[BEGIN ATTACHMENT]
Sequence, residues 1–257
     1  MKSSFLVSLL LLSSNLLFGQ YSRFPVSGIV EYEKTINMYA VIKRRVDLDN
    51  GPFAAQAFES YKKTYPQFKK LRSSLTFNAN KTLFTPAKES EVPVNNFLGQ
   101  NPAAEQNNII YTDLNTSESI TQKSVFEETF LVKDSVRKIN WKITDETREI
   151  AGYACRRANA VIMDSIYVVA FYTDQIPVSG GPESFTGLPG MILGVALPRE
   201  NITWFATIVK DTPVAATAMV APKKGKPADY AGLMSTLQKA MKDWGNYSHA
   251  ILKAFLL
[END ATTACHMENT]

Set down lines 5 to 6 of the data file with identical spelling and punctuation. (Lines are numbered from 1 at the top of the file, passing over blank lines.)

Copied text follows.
   151  AGYACRRANA VIMDSIYVVA FYTDQIPVSG GPESFTGLPG MILGVALPRE
   201  NITWFATIVK DTPVAATAMV APKKGKPADY AGLMSTLQKA MKDWGNYSHA